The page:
Sonically, the album strips hip hop down to its snare and hi-hat fundamentals and fuses those minimal canvases with the sounds of electronic dance genres like techno and house. Beyond his new sped-up cadences and more lighthearted tonalities, what’s most distinctive in Big Fish Theory’s 12-track arrangement is its bass lines. While “745” boasts a wonky melody reminiscent of decades-old funk, the bass line in Juicy-J-on-the-chorus “Big Fish” comes straight out the strip club.
There is a certain element of cognitive dissonance that comes with Staples (seemingly) making party music: “Party people, yeah / Party people I like to see you dance.” But this is purposeful, because this album captures the most contradictory image that Vince has yet to publicly reveal. On that very same track — “Party People” — Staples spends time contemplating his anxieties and suicidal thoughts: “Awkward silence, my brain scream louder / Askin' when I'm gon' blast myself / Couple problems my cash can't help.” From track to track, the messages conflict and contradict. He goes from glorifying money and cars (“Big Fish”) to rebuking women (“Love Can Be…”) back to being lost in love and doing his best to appease a beautiful lady (“745”).
The sub-minute “Ramona Park is a Yankee Stadium” bifurcates the album. While the front half of Big Fish Theory reflects the disturbing confusion that comes from being a black man with wealth and fame, he gains a sense of resolve towards the back half of the project. Although some discord is ever-present, this confliction brings him back to square one: to his artistry and innovation. Finding his center point, Staples comes to believe the issue lies in establishment rap, establishment rappers and establishment rapper values. So he condemns them.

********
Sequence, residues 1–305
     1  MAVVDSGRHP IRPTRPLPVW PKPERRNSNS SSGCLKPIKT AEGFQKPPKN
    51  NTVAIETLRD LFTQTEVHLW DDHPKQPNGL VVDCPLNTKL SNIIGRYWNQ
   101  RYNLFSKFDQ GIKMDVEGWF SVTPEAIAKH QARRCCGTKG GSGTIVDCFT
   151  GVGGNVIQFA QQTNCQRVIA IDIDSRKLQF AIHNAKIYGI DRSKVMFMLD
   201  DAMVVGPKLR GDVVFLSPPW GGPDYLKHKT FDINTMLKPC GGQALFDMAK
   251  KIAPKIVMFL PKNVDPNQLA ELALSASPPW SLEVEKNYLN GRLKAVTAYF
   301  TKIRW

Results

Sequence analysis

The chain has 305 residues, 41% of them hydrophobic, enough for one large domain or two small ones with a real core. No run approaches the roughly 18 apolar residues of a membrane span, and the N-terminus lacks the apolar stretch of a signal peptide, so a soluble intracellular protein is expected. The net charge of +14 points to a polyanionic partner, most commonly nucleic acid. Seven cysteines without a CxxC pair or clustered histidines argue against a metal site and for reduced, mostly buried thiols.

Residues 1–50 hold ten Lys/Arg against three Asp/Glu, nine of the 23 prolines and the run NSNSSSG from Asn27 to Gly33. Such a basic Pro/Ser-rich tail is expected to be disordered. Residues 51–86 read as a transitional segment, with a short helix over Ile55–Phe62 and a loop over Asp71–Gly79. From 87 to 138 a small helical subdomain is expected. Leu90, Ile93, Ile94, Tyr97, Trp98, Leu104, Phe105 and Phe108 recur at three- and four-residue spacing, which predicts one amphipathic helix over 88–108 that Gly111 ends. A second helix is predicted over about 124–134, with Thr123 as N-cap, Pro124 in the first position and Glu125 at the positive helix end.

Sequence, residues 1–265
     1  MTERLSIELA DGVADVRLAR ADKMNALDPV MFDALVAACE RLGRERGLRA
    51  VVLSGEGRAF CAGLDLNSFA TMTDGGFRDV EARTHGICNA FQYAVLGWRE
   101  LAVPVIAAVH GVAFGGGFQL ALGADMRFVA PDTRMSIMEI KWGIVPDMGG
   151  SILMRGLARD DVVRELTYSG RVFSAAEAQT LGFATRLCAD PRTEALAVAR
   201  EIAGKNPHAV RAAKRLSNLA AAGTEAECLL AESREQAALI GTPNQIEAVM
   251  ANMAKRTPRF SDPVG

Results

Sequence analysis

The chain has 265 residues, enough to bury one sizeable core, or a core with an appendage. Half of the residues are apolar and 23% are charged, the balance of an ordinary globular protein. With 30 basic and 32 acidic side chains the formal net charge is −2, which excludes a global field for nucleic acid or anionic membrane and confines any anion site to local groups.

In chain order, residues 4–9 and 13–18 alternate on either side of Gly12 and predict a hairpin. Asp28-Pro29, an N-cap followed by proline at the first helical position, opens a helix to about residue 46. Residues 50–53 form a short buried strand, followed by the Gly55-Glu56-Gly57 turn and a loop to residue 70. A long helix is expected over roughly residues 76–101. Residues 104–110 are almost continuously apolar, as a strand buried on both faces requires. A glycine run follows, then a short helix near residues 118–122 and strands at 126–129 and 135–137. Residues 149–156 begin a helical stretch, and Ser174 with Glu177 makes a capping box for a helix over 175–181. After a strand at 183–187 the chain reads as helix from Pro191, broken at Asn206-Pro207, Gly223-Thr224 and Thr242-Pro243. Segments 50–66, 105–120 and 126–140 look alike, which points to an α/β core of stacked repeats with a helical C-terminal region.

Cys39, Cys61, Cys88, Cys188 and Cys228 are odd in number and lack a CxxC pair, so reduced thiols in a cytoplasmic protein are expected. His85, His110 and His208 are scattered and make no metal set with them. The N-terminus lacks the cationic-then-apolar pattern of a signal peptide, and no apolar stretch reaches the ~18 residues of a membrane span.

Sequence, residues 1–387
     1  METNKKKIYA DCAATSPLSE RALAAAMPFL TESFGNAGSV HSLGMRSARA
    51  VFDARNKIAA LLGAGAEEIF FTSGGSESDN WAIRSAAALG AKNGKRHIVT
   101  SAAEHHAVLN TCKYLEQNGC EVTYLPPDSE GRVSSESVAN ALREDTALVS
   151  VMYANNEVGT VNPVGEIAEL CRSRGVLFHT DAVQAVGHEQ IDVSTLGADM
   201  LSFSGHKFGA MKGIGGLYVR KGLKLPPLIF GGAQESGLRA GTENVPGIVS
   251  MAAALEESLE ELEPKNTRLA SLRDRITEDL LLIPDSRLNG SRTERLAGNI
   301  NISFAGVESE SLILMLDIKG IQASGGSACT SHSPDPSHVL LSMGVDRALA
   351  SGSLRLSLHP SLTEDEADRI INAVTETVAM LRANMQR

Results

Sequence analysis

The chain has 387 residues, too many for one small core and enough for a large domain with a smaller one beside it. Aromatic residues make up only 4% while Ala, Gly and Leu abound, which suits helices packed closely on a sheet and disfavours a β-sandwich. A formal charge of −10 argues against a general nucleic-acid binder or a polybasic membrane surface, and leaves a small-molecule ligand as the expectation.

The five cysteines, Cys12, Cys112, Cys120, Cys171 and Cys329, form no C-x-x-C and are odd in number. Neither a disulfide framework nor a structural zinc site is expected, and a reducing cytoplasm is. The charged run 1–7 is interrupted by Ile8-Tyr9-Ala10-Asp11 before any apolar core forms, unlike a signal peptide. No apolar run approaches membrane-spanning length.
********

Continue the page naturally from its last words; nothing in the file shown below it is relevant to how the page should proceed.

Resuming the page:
“SAMO,” a year-3000-EPA-noncompliant-industrial-factory-farm-Basquiat-commemorative banger, is the album’s most visceral track. Bringing back the dropped-octave aggression of his past work, “SAMO” is his most direct and pointed attack at the hip hop mainstream. Between gut-wrenching booms and an aggravated, judgment day instrumental, A$AP Rocky shows up on the chorus: “Just the same old thing / Watch me do the same old thing / Do the same old thing / Do the same old thing.”
Still, what is ultimately lost is the G-Funk/West coast Gangsta flavor that defines most else of his discography. In breaking open up new creative space, artists always risk turning off part of their fan base. And for those demanding that tuff, bread-and-butter hip hop of his previous releases, Big Fish Theory will frustrate if not alienate.
Nevertheless, beyond the individual nuances of this album, Big Fish Theory marks a larger moment in this decade of hip hop. Although never an official member of the collective, Staples’s affiliation with Odd Future was a crucial catalyst in his career as a rapper. In the nearly 10 years since The Odd Future Tape, we’ve seen the cohort garner attention, explode and eventually dissolve. While many in the larger association could “rap,” only four actually talented lyricists bubbled out: Frank Ocean, Tyler, the Creator, Earl Sweatshirt and Vince Staples. We’ve already had Channel Orange, Cherry Bomb and I Don’t Like Shit, I Don’t Go Outside: We’ve seen those first three come of age. With Big Fish Theory, Staples steps out of his No I.D. babysitting years and finds his own unique sound. In one way, it’s a close to the chapter that was the definitive millennial entry point into left-field hip hop. In another, it signals a new period, one where the exciting brash talents of the early 2010’s have transformed into full fledged artists. Who knows what’s next?